The DJ solar cell simulated had no Anti-Reflective Coating layers and was a low/medium solar cell which can explain the lowefficiency at 1 Sun and shows that the models are not only able to reproduce high quality solar cells but also lower quality devices. Once again the simulation shows a very good fit with the experimental data on the Voc prediction. However, some differences can be seen on the FF value and on the Jmax, Vmax and Efficiency.

As good results were obtained before modeling single junction solar cells at IESUPM, we suspected the tunneling model used in the DJ solar cell. To be exact we suspected that the model doesn’t behave as it should under illumination, this is why we have simulated a dark IV curve to localize the origin of the differences under illumination.

4.3. Dark IV curve
In contrast with the other DJ solar cells simulations presented in this paper, the dark IV curve only relies on the electrical models as no light is input to the device.

As seen before with the IV curve under illumination, there is a mismatch between experimental and simulation data, especially for middle range voltage. If we compare Figure 6 and Figure 7, we also see the mismatch but the dark IV also shows a shunt resistance effect.

Figure 7: Experimental (dots) and simulated (solid line) dark IV curve.

 

As in this case there is no light input to the device and differences can be observed, light interaction has nothing to do with this. However, viewing the results and the good results obtained before simulating single junction solar cells, we think the mismatch is due the tunnel model once introduced inside a complete dual-junction solar cell structure. More, we think this is due to how the tunneling model manage traps as we saw the kind of curve seen in Figure 7 in some structures with a very high traps concentration, with the difference that in our case the traps concentration cannot explain such a difference.

It is obvious that the revision of the tunnel model will be our priority, despite of the good results, we need it to be totally reliable.

 

5. Conclusion

It was shown that in contrast to local tunneling models the nonlocal tunneling model reproduces the measured IV curve of a tunnel diode structure in a large voltage range very well, especially in the decisive range of operation when applied to multi-junction solar cells.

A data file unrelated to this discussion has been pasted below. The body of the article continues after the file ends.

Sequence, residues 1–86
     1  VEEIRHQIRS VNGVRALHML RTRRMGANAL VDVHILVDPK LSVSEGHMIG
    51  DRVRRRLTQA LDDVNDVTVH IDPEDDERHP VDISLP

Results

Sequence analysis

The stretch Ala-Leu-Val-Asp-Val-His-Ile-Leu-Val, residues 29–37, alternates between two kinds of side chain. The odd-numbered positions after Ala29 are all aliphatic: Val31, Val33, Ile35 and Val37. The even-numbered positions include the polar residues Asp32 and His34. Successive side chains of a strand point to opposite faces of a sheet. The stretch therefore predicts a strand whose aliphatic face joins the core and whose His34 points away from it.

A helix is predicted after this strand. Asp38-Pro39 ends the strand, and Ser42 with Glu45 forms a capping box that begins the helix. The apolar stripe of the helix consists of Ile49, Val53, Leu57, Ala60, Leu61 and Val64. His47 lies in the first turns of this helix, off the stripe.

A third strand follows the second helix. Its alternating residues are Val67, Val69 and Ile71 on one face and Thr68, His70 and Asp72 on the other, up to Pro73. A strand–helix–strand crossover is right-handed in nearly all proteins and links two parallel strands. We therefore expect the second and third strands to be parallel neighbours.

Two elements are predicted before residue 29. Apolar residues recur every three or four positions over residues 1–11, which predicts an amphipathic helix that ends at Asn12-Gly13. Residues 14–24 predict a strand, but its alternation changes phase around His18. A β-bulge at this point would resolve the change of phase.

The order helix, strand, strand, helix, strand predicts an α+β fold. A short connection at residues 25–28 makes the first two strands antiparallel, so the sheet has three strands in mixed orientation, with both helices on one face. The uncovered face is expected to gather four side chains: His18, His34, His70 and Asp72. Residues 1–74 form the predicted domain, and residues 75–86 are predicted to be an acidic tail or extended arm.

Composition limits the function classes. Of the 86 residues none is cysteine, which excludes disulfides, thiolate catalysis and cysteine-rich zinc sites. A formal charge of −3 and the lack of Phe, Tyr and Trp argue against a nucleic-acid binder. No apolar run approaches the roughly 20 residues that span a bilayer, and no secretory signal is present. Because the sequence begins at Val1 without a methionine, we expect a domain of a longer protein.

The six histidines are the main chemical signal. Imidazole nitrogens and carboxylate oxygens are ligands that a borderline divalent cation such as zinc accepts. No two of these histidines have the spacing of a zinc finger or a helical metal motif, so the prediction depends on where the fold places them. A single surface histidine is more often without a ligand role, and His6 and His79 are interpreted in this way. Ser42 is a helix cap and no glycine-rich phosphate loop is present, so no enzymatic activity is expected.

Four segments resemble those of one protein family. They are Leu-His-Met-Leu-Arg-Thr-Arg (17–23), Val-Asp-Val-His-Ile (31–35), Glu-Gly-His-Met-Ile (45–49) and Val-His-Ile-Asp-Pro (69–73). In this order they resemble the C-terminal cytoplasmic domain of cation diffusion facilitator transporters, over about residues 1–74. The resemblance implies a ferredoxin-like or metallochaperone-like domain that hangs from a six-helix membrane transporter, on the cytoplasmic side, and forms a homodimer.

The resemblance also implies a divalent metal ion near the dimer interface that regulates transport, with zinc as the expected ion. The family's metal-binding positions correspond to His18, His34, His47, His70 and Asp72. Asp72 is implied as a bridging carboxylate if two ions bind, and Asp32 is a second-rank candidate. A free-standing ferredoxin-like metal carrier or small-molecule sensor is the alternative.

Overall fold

We also proved the validity of the model, which coupled with an adequate optical modeling method, allows to reproduce very well the EQE of a DJ solar cell, making the Jsc prediction accurate. Regarding the IV curves, despite the good results obtained on Voc estimation, we detect a problem affecting the values of the FF and the efficiency, we think this problem is due to the tunneling model behavior and a revision of it has to be done.

However, this paper shows that solar cells simulation under a TCAD environment is possible and can be predictive for single junction solar cells as well as for DJ solar cells. Room is open for Multi-Junction solar Cells simulation as we now know the critical part of this structure, the tunnel junction, is well managed.

The future works at the IESUPM will be the enhancement of the simulated structure to triple junction solar cells and the inclusion of real operation conditions as it can strongly change the optimization of the cell and is a logical to improve the efficiency of these cells.

 

6. Acknowledgements

The authors would like to thank the Silvaco Grenoble Research Center (G.RE.CE.) for its collaboration.
Thanks also to Igancio ReyStolle, Beatriz Galiana, Iván García and Pilar Espinet of the IESUPM who made the experimental data possible. This paper has been supported by the European Commission under contract SES6CT2003502620 (FULLSPECTRUM project). The Spanish Ministerio de Educación y Ciencia has also contributed with the CONSOLIDERINGENIO 2010 program by means of the GENESIS FV project (CSD2006004) and also with the research projects with references TEC200502745 and TEC200422300E as well as the Comunidad de Madrid under NUMANCIA programme (S05050/ ENE/0310).

 

7. References

  1. C.Algora, et al, Pending Issues In The Modeling of Concentrator Solar Cells, Proceedings 19th European Photovoltaic Solar Energy Conference, Paris, 2004.
  2. G. A. M. Hurkx, D. B. M. Klaassen, and M. P. G. Knuvers, A new recombination model for device simulation including tunneling in IEEE Transactions on Electron Devices 39, 3318 (1992).
  3. Silvaco International, Silvaco User’s Manual, ed. Silvaco, 2006.
  4. T. Takamoto, et al, Mechanism of Zn and Si diffusion from a highly doped tunnel junction for InGaP/GaAs tandem solar cells in Journal of Applied Physics 85, 14816 (1999).